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Civil society wants gold, copper contracts scrapped

Security & Crime


Civil society wants gold, copper contracts scrapped

Oct 14, 2018 - 14:20

KABULinfo-icon (Pajhwok): Civil societyinfo-icon organisations and activists, spurning the idea of privatising the war in Afghanistaninfo-icon, have called for cancellation of the Badakhshan gold and Balkhab copper exploration contracts.

The contracts for extracting gold and copper were signed at the Afghan embassy in Washington DC between the Ministry of Mines and Petroleum (MoMP), Central Limited and Afghan Gold Minerals Company.

A gathering attended by more than 300 civil society activists and members of some organisations in Kabul unanimously passed a resolution against the mining contracts and privatisation of the war effort.

Syed Akram Afzali, head of the Integrity Watch Afghanistan (IWA), told the gathering the contracts with the two companies ran counter to Article 16 of Afghanistan’s mining law.

Article 16 of the law says the president, VPs, ministers, chief justice, Supreme Court judges, the attorney general, MPs, chairmen of central and other banks and other government functionaries are not eligible for obtaining such contracts.

Based on Section 1 and Paragraph 2 of the article, one may obtain a licence or a contract stipulated in this law five years after the termination of their tenure in an official position.

Afzali stressed that based on the article the contract should not have been awarded to Syed Sadat Mansour Naderi, one of the stakeholders in the companies. He resigned as minister only four months ago.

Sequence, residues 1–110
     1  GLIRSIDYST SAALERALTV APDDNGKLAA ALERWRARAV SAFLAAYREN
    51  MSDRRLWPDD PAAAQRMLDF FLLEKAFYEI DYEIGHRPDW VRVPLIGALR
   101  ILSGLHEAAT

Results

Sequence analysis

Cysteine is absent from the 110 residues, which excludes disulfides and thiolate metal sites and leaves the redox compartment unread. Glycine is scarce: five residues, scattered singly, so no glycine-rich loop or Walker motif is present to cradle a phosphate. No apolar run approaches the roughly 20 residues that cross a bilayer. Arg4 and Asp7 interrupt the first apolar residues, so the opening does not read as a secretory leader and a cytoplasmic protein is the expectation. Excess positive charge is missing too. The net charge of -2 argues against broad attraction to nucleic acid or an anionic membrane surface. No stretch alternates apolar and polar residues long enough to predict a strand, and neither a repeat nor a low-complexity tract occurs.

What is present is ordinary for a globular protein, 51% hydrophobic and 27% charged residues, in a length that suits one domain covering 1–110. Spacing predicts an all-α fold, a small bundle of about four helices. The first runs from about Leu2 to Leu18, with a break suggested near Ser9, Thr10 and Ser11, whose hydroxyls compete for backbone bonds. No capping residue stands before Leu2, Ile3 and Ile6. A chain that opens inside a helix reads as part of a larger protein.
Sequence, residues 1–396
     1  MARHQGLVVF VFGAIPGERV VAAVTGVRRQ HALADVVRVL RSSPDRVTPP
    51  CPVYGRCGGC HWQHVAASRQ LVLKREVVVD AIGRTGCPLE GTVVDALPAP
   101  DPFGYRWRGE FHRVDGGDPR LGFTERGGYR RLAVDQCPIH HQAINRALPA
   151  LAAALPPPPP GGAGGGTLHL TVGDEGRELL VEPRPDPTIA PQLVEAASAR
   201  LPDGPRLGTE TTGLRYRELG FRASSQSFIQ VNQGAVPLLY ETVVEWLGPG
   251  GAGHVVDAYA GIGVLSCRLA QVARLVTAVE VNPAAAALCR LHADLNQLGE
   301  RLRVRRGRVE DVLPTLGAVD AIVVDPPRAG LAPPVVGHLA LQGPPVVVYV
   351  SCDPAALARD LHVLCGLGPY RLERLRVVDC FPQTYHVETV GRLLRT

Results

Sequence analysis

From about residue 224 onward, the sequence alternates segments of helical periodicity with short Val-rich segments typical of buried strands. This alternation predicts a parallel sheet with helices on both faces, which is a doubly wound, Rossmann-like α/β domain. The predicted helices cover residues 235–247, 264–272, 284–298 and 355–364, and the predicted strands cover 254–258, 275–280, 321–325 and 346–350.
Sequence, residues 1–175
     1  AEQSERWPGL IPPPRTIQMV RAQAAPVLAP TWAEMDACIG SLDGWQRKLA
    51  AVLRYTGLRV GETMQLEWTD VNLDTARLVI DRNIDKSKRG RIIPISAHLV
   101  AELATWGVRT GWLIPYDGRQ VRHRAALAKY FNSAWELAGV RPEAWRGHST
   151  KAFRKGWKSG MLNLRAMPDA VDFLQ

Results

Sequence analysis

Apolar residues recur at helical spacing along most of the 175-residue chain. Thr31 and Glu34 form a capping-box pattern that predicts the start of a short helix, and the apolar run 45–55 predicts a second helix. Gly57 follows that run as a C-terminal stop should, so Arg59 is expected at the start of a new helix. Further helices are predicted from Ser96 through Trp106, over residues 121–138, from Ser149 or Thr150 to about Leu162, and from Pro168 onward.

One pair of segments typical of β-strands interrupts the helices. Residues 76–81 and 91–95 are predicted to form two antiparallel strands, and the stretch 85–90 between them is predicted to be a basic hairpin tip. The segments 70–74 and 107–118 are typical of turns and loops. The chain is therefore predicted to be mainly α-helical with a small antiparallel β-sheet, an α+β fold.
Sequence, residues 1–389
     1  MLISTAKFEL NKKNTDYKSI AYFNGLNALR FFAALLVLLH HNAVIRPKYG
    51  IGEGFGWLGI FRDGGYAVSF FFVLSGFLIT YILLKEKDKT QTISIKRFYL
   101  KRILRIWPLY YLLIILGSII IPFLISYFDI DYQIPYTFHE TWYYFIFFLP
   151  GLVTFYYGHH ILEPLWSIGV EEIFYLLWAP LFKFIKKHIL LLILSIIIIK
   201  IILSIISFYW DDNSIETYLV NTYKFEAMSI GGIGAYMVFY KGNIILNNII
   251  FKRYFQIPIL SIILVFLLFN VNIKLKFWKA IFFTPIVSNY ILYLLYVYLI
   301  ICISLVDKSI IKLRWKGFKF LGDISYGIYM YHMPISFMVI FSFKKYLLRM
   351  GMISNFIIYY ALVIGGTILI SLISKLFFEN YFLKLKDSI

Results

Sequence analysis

Naderi stepped down as minister of urban development and housing in order to retain his mining contracts involving the Badakhshan gold and Balkhab copper mines, Afzali alleged.

The president and officials around him had violated the law by providing the contracts to the companies, the IWA head insisted.

He linked the signing of the deals with externalinfo-icon pressures, asking the government not to impose foreign dictates on the people of the country.

If the government failed to resist these pressures or defend national resources, Afzali said, the people were not weak and had the ability to defend their country and rights.

“The government failed to play its role under the mining law and singed the contracts.” While asking the government to protect the interests of the people in accordance with the constitution, Afzali also called on international community, especially the US, to revoke the contracts.

According to Afzali, the security situation is not appropriate in Badakhshan and Sar-i-Pul where the two mines are located. The country was not yet ready to handle such huge contracts, he believed.

The IWA chief said the government should revise the two deals because the ministry concerned currently did have the capacity to deal with large contracts.

Gul Ahmad Madadzai, deputy head of the Afghanistan Lawyers Association, also claimed the government singed the contracts against Article 16 of the mining law under international pressure.

He warned the government against testing people’s patience anymore. The contracts must be scrapped at the earliest possible, he demanded.

Opposition to privatisation of war

Afzali expressed aversion to the privatisation of the conflict in Afghanistan, arguing private firms were unable to ensure security or guarantee the defeat of the armed opposition.

Recent media reports suggest Blackwater founder Erick Prince has stepped up efforts for privatising the conflict in Afghanistan.

Aziz Rafi, a civil society leader, suggested a responsible approach should be taken to the security of natural resources and assets of the country.

In the build-up to the October 20 Wolesi Jirgainfo-icon elections, the debate on privatisation of war and signing of major mining contracts was dangerous, he concluded.


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